Military Spending, the Peace Dividend, and Fiscal Adjustment

32 Pages Posted: 11 Feb 2006

See all articles by Hamid R. Davoodi

Hamid R. Davoodi

International Monetary Fund (IMF) - Fiscal Affairs Department

Benedict Clements

International Monetary Fund (IMF) - African Department

Jerald Schiff

International Monetary Fund (IMF) - European Department

Peter Marcel Debaere

University of Virginia - Darden School of Business; Centre for Economic Policy Research (CEPR)

Date Written: July 1999

Abstract

The end of the Cold War has ushered in significant changes in worldwide military spending. This paper finds that the easing of (1) international tensions, (2) regional tensions, and (3) the existence of IMF-supported programs are related to lower military spending and a higher share of nonmilitary spending in total government outlays. These factors account for up to 66 percent, 26 percent, and 11 percent of the decline in military spending, respectively. Furthermore, fiscal adjustment has implied a larger cut in military spending of countries with IMF-supported programs.

Keywords: military spending, peace dividend, fiscal adjustment

JEL Classification: H10, H50, H56

Suggested Citation

Davoodi, Hamid R. and Clements, Benedict and Schiff, Jerald and Debaere, Peter Marcel, Military Spending, the Peace Dividend, and Fiscal Adjustment (July 1999). IMF Working Paper No. 99/87, Available at SSRN: https://ssrn.com/abstract=880614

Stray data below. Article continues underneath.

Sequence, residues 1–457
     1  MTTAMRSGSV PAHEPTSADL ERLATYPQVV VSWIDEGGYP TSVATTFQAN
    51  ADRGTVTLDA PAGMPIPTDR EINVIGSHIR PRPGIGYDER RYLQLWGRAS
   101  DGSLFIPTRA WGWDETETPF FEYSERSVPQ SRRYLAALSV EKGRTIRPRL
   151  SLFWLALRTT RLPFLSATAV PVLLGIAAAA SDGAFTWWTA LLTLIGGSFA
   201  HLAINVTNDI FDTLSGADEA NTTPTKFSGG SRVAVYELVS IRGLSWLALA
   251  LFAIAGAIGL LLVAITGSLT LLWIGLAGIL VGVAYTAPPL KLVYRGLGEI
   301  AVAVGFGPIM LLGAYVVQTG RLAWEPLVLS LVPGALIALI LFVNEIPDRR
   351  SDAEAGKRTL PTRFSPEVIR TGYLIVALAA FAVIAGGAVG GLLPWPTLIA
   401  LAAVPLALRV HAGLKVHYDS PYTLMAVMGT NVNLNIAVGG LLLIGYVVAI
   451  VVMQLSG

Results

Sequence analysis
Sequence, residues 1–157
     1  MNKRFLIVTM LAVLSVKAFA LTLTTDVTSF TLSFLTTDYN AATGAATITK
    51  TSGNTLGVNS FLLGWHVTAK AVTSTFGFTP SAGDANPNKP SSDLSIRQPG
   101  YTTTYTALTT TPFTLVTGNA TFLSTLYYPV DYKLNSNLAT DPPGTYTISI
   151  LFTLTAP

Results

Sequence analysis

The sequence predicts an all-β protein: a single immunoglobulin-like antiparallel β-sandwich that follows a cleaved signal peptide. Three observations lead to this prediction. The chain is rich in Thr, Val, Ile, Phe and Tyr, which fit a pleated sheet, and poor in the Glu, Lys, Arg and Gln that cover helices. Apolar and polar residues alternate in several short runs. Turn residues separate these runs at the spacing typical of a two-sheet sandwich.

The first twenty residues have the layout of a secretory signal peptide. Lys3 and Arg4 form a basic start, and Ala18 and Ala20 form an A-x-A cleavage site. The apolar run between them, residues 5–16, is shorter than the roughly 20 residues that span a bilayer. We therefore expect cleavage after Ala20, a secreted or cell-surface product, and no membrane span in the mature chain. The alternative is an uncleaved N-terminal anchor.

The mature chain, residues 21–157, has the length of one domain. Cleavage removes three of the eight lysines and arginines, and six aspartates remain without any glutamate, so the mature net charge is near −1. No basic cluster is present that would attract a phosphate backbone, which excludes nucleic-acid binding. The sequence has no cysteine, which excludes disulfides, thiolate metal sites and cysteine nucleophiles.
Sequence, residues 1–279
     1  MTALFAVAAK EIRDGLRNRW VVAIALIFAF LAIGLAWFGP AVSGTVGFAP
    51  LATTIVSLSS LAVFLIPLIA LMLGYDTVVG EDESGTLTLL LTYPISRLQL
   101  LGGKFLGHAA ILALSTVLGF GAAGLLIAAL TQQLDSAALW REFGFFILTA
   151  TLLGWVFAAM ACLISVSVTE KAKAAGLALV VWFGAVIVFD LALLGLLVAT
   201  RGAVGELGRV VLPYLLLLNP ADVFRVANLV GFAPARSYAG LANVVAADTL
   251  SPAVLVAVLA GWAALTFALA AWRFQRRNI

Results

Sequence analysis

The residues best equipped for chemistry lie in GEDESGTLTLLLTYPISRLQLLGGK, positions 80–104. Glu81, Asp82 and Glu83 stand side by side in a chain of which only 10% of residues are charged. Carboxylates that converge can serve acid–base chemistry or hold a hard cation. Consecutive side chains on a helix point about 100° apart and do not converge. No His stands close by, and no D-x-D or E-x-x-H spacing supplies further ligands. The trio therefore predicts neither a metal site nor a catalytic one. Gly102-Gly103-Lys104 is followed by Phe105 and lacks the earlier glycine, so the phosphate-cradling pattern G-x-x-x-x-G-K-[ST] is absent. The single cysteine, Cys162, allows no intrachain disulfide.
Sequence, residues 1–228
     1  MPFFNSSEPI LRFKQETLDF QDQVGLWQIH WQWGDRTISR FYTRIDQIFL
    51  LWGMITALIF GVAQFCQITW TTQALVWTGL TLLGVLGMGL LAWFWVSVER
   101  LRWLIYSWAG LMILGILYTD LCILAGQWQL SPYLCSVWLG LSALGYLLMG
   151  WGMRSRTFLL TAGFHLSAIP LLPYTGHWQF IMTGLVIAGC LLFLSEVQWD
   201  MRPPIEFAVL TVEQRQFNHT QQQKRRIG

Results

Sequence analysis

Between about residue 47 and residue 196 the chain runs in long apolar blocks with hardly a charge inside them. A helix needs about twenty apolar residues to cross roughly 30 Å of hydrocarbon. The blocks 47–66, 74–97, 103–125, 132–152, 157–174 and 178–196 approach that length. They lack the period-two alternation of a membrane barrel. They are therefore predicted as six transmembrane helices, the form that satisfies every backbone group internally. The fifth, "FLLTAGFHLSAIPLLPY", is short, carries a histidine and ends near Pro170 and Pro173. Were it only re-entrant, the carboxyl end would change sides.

Hamid R. Davoodi (Contact Author)

International Monetary Fund (IMF) - Fiscal Affairs Department ( email )

700 19th Street, NW
Washington, DC 20431
United States

Benedict Clements

International Monetary Fund (IMF) - African Department ( email )

1700 19th Street, NW
Washington, DC 20431
United States

Jerald Schiff

International Monetary Fund (IMF) - European Department ( email )

700 19th Street NW
Washington, DC 20431
United States

Peter Marcel Debaere

University of Virginia - Darden School of Business ( email )

P.O. Box 6550
Charlottesville, VA 22906-6550
United States

HOME PAGE: http://www.darden.virginia.edu/html/direc_detail.aspx?styleid=2&id=5794

Centre for Economic Policy Research (CEPR)

London
United Kingdom

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